Policy Positions

COVID-19

 TIA’s Role

  • TIA as the peak industry body and voice of the tourism industry has a central role to play in responding to the COVID-19 crisis, collating information from all tourism sectors and providing a collective voice to government.
  • Current priorities for TIA are advocacy, business support and connection, and communications. TIA also needs to be actively involved in the tourism recovery and keeping stakeholders committed to the long-term sustainability goals of the industry.

Impact on Tourism

  • Tourism is the most impacted sector of the economy. Previously, Tourism was over 20% of our exports, 10% of GDP, and supported almost 400,000 jobs.
  • A TIA survey indicates average job losses of around 50% for tourism operators.
  • At least 100,000 and up to 200,000 of the jobs currently supported by tourism may go.
  • Predicting the full extent of the economic impact is difficult, as we don’t yet know what the recovery pathway looks like. Estimated tourism spend in April was down 90% at $240m – compared with $2.5b in April 2019. With a drop of well over $2b in one month, this is the equivalent of losing the annual value of the kiwifruit or the seafood industry every month.
  • The impact on communities from losing tourism businesses and jobs is immense, especially in many smaller towns with a large reliance on the visitor economy.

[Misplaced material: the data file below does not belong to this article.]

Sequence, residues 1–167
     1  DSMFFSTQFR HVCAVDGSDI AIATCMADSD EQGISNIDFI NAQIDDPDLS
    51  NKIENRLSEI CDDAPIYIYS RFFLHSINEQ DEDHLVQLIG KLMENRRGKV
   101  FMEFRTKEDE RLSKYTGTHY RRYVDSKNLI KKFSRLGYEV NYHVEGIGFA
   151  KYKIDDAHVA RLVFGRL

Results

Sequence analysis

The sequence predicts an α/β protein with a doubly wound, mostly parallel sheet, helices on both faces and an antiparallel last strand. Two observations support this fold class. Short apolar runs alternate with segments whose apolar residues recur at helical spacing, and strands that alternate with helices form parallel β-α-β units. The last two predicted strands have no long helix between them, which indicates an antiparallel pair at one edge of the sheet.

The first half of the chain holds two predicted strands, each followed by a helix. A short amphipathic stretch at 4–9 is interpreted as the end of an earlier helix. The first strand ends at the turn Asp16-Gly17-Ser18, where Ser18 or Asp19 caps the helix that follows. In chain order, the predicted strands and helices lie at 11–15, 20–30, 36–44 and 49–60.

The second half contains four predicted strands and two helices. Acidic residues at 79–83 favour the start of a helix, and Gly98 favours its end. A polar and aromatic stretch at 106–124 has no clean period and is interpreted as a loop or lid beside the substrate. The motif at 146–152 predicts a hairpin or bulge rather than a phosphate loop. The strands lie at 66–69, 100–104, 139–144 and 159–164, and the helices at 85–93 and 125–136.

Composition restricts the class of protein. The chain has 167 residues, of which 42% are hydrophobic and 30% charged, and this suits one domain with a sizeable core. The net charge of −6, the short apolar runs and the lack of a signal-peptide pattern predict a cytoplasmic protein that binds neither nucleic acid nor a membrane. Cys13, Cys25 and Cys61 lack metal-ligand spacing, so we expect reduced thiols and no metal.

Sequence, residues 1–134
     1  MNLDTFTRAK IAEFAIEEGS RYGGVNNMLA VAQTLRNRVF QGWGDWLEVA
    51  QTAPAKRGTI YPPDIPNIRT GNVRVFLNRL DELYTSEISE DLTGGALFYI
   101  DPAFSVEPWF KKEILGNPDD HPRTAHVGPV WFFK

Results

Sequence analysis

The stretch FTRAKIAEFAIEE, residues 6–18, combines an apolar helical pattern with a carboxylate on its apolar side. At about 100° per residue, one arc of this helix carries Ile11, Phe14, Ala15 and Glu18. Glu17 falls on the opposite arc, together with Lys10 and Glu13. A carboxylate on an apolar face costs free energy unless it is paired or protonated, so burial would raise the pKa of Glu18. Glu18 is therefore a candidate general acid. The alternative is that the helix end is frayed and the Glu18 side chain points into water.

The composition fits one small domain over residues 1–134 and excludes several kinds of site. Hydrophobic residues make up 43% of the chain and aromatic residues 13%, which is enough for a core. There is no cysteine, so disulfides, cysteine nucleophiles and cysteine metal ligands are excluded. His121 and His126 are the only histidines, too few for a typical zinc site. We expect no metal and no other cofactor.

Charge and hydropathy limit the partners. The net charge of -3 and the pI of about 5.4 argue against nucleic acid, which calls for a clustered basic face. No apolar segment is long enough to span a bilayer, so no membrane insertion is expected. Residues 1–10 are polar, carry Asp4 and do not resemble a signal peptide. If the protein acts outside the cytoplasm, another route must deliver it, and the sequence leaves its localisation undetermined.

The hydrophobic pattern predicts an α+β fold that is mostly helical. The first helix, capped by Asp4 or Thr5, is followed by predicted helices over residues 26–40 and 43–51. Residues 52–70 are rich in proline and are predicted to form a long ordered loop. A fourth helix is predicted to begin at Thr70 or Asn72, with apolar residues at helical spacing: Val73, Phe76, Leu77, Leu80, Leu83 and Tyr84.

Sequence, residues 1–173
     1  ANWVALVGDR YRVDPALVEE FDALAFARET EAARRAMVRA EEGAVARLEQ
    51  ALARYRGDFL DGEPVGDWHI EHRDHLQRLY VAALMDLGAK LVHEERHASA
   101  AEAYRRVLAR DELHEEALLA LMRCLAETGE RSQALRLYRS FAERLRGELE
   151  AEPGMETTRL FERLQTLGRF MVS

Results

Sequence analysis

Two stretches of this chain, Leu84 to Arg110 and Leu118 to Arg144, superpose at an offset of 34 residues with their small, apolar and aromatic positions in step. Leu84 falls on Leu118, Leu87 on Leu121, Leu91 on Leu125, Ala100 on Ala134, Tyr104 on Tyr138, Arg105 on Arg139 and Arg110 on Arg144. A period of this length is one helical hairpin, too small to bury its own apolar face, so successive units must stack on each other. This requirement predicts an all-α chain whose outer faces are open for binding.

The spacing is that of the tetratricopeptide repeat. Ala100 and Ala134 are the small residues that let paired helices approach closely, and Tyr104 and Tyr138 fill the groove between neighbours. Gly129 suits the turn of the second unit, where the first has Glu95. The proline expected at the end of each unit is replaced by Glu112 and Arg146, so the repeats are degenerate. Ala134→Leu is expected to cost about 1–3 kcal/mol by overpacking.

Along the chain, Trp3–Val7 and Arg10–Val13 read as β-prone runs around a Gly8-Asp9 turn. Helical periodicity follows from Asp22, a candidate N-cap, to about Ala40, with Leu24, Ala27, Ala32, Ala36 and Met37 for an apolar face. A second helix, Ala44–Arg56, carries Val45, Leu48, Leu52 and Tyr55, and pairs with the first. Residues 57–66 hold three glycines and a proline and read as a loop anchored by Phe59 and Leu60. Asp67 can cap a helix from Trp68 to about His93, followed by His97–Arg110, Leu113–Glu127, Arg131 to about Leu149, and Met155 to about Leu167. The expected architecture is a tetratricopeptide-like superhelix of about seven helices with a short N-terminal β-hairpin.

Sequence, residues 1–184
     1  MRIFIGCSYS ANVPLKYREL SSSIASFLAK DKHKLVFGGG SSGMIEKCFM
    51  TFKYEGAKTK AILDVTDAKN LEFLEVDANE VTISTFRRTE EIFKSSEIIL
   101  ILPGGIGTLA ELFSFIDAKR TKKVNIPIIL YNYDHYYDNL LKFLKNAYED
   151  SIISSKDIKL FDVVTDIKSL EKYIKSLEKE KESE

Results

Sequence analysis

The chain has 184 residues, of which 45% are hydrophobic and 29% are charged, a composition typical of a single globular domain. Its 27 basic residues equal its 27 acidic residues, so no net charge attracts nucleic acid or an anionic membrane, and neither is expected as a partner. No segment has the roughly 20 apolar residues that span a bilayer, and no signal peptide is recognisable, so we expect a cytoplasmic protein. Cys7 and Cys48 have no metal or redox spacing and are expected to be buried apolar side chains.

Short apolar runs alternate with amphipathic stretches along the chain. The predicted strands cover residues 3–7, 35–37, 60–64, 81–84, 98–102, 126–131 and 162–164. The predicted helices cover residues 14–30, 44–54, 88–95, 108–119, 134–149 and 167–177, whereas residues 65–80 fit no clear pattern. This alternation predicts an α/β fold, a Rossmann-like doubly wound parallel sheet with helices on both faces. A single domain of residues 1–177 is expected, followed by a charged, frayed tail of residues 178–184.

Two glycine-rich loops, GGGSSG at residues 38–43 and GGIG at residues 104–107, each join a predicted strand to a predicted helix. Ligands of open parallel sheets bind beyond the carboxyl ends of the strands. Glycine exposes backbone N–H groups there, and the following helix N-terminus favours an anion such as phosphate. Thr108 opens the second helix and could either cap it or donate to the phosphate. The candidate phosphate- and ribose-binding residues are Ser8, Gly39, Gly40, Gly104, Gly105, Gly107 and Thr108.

Alert Levels

  • At Alert Level 1, with most domestic business activity possible, Government support must focus on those businesses still directly impacted by border restrictions.

Border restrictions

  • If New Zealand and Australia can maintain our current success in containing the spread of COVID-19, opening the Tasman border would be a major boost. It would require all the systems to be in place to deal with COVID-19 risks and public acceptance that such a reopening was safe and possible.
  • We should consider whether we can also safely include the Pacific, which is hugely reliant on links with NZ and Australia.
  • New Zealand must also be prepared to open its borders as soon as it can to other countries which have the virus under control, and which can demonstrate they can facilitate safe travel.

Tourism Recovery

  • It should be presumed that our borders will remain closed to many parts of the world for the remainder of 2020. A return to anything like the previous level of international tourism could take 3-5 years.
  • Brand awareness must be maintained in international markets and New Zealand should respond quickly to any opportunities to facilitate safe international travel.
  • TIA supports Tourism NZ’s new mandate to take a lead role in domestic tourism promotion, which needs to be coordinated with regional tourism bodies and tourism businesses.
  • The crisis has reinforced the need for our industry to have more near real-time data. In particular, it has highlighted the gap in domestic tourism data.
  • The Government needs to calculate and share one to five-year forecasts for tourism recovery and economic contribution.
  • The tourism industry is people and infrastructure rich.  We need innovative ways to utilise these resources, so they are not lost.

Resetting Tourism

  • TIA and the industry are keen and ready to be closely involved in the reset and rebuild of the tourism industry. It will fail without private sector involvement.
  • The Tourism Sustainability Commitment, the Tourism 2025 Industry Framework and the Government New Zealand Aotearoa Tourism Strategy must be at the heart of any work to reset tourism.
  • The project must consider inclusion, economic value, community values, cultural connection and climate change perspectives.